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Creatives are born, but it is the watering of that talent that helps an artist fully bloom. Actor and producer Benmio McCrea knows all about this.
Born and raised in Philly, the self-proclaimed “city kid” grew up in a home full of art. Both of his parents were visual artists, his mother a painter and sculptor, while his father made a living as a sign painter. McCrea studied film at NYU and theatre at Syracuse University. He’s acted and produced, appearing in roles such as “Bosch”, “Criminal Minds”, “This is Us”, and Fox’s “9-11”.
In an interview with The Black Wall Street Times, he reflected on the inspiration of creating art, and the power of mentorship.
“You don’t have to teach kids to be creative, but having people to develop that gift is great,” McCrea said. “Like anything, you have to work at it. Put in the hours, whether it’s dancing, training, [sports] athletes. It’s muscle memory to develop those talents.”
Benmio McCrea had a few pivotal moments as a young person that shaped the way he viewed art and inspired him to think outside the box. The first moment took place in an art class when he was in 6th grade, sculpting a polar bear that he still has in his Los Angeles home.
But it wasn’t until McCrea joined his local Big Brother program as a child, when a light bulb went off. His mentor took him to his first production play, “The Miser”, at the Walnut Street Theatre.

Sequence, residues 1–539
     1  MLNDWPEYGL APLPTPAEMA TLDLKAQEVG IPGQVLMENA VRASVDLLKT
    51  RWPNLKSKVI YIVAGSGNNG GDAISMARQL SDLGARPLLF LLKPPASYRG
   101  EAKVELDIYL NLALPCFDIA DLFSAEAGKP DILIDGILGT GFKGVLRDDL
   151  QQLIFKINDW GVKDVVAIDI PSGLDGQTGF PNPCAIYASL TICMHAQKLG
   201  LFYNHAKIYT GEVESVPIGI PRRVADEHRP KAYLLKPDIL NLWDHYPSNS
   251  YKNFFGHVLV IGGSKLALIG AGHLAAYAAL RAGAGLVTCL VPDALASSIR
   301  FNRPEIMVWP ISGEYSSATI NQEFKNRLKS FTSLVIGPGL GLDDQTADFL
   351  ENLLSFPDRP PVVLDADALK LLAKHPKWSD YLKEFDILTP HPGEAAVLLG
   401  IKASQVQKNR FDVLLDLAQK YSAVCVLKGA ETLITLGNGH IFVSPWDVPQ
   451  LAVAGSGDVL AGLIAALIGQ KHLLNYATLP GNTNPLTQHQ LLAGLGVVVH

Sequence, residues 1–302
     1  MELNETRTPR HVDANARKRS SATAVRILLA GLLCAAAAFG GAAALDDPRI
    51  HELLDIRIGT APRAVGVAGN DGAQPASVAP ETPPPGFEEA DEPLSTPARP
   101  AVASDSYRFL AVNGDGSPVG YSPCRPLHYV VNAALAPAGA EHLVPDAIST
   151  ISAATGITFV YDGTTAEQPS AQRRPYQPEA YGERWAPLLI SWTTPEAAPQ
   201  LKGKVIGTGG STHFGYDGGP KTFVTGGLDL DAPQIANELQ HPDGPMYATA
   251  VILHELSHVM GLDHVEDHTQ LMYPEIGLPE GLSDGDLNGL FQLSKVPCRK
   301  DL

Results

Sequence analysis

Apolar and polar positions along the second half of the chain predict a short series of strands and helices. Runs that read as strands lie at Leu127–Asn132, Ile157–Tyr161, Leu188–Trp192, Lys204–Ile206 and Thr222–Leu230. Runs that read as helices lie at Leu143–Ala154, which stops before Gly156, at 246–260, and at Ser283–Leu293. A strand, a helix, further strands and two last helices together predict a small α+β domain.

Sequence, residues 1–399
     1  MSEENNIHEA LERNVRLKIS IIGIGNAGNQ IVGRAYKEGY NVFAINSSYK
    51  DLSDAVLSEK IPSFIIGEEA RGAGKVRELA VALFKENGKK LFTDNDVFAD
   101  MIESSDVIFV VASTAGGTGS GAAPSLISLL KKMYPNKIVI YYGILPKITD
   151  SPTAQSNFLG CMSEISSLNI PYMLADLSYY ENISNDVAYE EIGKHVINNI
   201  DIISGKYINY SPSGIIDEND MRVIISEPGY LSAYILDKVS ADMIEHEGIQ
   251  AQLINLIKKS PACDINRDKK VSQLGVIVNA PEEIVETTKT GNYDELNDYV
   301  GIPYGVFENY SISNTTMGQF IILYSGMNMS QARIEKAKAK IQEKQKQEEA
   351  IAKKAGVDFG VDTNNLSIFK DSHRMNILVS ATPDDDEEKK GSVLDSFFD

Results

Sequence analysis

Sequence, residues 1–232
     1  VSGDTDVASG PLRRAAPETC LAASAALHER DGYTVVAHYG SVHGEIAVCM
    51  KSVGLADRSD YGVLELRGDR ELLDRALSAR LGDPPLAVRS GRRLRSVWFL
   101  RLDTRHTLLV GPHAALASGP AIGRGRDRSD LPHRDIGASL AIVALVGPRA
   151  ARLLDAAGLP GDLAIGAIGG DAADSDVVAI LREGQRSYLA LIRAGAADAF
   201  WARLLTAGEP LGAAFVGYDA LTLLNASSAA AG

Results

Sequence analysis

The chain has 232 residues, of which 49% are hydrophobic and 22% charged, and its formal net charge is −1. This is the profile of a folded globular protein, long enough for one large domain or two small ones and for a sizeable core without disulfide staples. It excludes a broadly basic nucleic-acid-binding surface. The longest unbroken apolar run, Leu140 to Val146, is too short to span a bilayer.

“I was 12 or 13, and it really opened my mind up to acting, and that’s what you need as a young person. Whether it be a parent, or teacher, or someone that is going to expose you to different things creatively.” McCrea states.
Black creatives often face hurdles in the industry that can be discouraging while pursuing their passion. According to Mr. Benmio McCrea, “exposure is the first thing. You want to be in an environment where you have exposure to the type of things you want to do, and it’s great to have mentors. “
Whatever creative outlet one may feel drawn to, there is a certain recipe and discipline that helps bring it all together. When asked about the process behind preparing for a role, McCrea states that “ultimately, it’s all about having tools in your toolbox. Take all of the different methods of study, and it comes together to create a toolbox for your own creative process. It’s like a recipe to make a cake. You know you need 2 eggs, some flour, milk and etc. But it’s how you put those things together that will dictate how the end looks.”
Similar to his early days in acting, McCrea shares that he hopes to get back into theatre one day. Re-visiting the classics like Shakespeares’ Othello. Taking him back to the first moment he found the passion for acting.
“I love working on passion projects, and it’s great to give back to things that have meaning behind it. My wife and I are in a Cologuard commercial about colon cancer to encourage people to take their health seriously. It’s important for Black people to look into prevention.”